So: an establishment of religion is a governmentally respected establishment of religion only when there is force involved.

As it stands, a government-funded, sponsored and authorized declaration of the truth of the Incarnation does not violate the Establishment Clause, since "Those who are offended by the public displays of nativity scenes are welcome to ... just ignore them."

If this interpretation of the Establishment Clause is going to hold any water, we have to imagine it, first, as being a non-Christian religion that's established but not "respected" in this sense of requiring and forcing belief.

Would Boggs, would Thomas, would we be OK with a city or county or state declaring itself Hindu?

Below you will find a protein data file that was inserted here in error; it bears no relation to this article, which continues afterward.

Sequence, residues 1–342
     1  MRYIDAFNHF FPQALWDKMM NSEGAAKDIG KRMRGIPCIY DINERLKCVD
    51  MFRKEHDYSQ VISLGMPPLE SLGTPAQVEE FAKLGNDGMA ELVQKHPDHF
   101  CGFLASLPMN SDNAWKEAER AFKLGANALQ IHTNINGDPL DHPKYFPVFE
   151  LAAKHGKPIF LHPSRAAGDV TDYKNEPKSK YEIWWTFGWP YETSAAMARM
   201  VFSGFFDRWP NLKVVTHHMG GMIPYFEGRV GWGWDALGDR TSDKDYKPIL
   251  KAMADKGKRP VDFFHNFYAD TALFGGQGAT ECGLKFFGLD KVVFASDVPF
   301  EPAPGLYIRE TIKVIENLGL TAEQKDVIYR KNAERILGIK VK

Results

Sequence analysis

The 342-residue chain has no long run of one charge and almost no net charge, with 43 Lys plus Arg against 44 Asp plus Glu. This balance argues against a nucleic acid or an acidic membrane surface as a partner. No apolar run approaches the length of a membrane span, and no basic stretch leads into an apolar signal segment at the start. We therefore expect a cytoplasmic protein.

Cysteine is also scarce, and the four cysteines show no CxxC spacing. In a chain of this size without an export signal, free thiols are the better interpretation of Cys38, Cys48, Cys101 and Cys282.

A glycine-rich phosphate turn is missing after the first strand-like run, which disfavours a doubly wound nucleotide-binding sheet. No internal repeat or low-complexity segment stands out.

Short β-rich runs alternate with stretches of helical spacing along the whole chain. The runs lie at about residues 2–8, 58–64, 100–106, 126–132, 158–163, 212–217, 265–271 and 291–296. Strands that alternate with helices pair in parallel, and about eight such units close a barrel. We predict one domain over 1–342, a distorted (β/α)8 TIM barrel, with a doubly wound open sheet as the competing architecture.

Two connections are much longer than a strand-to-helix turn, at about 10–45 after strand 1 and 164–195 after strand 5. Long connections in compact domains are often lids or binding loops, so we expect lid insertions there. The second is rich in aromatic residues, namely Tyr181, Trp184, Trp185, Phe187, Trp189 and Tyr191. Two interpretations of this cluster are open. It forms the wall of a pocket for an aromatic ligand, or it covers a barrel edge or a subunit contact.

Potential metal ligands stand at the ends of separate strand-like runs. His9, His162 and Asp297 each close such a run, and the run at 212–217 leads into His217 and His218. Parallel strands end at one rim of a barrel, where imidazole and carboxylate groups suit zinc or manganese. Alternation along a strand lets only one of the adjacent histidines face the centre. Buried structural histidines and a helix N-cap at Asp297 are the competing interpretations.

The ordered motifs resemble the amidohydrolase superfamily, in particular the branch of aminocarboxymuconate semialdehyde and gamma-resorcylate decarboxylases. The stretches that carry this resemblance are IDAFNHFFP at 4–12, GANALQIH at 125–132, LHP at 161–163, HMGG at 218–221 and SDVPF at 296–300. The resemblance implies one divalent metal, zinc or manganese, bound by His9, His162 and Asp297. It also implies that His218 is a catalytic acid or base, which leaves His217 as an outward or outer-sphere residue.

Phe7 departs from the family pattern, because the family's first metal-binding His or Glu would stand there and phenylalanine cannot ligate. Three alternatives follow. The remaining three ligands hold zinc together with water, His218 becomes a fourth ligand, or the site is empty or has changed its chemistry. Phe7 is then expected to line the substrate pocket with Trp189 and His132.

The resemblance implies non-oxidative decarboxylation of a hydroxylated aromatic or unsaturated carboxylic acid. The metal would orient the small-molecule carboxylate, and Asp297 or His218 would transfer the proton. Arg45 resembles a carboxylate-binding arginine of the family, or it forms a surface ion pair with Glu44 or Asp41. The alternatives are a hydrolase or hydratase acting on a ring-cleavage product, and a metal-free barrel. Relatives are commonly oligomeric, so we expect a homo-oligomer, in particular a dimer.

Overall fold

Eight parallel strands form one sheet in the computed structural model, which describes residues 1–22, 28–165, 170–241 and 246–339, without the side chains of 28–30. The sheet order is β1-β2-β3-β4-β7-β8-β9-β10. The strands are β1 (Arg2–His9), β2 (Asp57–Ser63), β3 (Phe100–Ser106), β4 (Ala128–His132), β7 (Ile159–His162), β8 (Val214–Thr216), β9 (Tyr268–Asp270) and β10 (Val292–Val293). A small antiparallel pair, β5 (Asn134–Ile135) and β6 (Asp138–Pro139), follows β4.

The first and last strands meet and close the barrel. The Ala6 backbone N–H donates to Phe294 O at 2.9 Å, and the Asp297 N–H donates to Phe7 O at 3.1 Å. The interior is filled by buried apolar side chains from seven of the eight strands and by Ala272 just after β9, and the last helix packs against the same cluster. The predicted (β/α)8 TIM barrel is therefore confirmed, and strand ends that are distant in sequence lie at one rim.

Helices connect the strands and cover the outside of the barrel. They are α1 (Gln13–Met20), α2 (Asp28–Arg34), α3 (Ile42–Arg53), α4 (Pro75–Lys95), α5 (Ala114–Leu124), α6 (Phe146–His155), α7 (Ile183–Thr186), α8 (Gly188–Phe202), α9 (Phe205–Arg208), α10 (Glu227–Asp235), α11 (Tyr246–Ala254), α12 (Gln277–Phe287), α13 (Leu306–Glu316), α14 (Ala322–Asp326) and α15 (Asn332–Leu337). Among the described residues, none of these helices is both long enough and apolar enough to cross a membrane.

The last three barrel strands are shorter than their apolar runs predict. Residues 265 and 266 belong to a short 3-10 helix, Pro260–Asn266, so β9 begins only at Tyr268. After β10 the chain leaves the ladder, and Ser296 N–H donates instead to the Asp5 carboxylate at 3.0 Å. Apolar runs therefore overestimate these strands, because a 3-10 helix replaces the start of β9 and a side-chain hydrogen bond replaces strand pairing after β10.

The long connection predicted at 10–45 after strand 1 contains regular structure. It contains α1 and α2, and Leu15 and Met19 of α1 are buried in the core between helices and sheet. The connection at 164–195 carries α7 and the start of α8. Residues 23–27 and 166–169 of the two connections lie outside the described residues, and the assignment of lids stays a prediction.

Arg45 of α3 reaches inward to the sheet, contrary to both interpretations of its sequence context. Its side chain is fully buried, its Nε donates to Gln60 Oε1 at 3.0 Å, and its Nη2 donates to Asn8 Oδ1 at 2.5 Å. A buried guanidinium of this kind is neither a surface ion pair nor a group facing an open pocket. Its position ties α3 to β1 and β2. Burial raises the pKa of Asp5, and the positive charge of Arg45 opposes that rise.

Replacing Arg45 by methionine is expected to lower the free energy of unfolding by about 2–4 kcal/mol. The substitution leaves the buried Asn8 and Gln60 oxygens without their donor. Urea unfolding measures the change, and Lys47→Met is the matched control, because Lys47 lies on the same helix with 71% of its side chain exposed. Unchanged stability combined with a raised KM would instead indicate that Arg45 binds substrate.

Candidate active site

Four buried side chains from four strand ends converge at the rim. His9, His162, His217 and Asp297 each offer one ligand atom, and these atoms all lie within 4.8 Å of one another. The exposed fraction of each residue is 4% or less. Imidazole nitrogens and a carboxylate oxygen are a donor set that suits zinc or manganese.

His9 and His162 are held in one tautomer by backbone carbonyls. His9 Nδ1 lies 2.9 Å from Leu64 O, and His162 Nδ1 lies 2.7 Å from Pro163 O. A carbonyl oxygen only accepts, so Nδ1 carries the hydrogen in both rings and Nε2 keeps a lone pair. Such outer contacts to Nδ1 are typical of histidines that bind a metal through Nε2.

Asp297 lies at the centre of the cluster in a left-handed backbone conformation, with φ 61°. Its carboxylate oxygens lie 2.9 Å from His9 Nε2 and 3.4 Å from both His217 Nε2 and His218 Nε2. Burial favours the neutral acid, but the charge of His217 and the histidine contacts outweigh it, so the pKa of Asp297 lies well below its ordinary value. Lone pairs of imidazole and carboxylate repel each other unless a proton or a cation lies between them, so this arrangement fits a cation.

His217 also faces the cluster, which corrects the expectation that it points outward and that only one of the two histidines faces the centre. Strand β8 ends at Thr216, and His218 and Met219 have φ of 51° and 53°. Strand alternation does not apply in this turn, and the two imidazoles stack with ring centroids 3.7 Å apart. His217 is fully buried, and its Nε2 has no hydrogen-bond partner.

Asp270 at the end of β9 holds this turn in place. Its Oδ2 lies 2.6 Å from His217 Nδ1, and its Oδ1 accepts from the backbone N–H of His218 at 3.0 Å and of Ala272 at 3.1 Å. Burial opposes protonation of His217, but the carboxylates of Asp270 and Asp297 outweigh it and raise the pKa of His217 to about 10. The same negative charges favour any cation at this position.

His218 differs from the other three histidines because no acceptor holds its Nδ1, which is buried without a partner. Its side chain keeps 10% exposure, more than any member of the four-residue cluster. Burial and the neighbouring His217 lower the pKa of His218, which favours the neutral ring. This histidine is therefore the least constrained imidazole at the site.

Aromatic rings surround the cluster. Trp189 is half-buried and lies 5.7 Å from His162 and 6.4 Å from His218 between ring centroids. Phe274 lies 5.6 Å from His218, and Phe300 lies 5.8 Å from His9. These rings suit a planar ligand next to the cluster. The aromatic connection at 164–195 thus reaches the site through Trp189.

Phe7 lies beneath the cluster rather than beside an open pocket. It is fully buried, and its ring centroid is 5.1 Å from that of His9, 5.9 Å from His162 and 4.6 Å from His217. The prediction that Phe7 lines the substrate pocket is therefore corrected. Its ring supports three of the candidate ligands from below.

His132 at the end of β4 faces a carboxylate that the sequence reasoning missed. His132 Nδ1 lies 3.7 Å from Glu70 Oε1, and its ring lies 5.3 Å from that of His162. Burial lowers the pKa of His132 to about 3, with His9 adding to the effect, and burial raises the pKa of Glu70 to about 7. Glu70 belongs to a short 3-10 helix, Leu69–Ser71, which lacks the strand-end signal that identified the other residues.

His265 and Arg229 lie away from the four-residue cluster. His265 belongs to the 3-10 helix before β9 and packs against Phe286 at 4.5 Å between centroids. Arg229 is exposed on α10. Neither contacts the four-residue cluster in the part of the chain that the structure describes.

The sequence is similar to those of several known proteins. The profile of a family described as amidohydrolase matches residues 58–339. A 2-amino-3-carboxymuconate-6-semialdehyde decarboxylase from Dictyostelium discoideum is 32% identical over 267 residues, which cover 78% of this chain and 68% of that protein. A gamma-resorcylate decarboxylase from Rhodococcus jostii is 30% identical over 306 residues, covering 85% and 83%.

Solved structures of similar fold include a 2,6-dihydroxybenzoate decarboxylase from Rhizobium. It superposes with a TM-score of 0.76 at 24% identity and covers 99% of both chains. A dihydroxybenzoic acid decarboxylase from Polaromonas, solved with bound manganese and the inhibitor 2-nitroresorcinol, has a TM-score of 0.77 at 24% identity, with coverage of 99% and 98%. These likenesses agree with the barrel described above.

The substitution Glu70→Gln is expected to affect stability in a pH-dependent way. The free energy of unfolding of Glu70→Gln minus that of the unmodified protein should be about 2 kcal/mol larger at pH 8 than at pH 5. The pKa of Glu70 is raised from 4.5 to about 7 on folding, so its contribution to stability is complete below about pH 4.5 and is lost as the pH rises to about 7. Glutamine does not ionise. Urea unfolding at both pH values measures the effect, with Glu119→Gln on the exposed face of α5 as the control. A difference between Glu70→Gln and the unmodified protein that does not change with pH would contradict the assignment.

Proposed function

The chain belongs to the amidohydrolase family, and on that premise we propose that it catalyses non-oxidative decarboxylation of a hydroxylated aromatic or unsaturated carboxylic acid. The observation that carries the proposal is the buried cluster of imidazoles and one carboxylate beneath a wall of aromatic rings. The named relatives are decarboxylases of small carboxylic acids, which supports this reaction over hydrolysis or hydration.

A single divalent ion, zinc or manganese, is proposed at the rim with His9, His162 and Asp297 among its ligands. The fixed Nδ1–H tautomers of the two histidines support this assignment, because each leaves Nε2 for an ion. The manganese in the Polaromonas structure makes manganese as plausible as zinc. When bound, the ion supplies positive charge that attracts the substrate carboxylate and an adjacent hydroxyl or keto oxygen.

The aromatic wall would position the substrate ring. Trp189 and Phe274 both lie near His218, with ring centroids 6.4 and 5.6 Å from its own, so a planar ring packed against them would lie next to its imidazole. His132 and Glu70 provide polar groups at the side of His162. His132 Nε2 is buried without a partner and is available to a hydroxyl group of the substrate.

Say the hypothetical government celebrated Hindu holidays, opened all sessions with Hindu prayers, used public space and/or funds to make Hindu declarations. One would still be free not to be a Hindu and free to be something else, but the government itself would be understood to be Hindu, and if one didn't like it, tough. Ignore it.

Most likely, Boggs and others holding to this interpretation of the First Amendment would object to this on the same grounds that conservative Germans use to restrict the freedoms of adherents to minority religions such as Jehovah's Witnesses and Muslims, that of leitkultur, i.e., "dominant culture," "head culture," or, more loosely, "traditional culture." One can even imagine the Confederate-symbol-supporting slogan re-purposed from "heritage, not hate," to "heritage, not faith" (which has the odd side effect of emptying that faith of any religious content, but never mind).

Regardless, the question of the thought experiment is still valid. Would that be OK? Would that Hindu town or county being officially and practically Hindu but just not requiring Hinduism of any of its residents be an acceptable set-up, not violating the First Amendment.

I doubt it.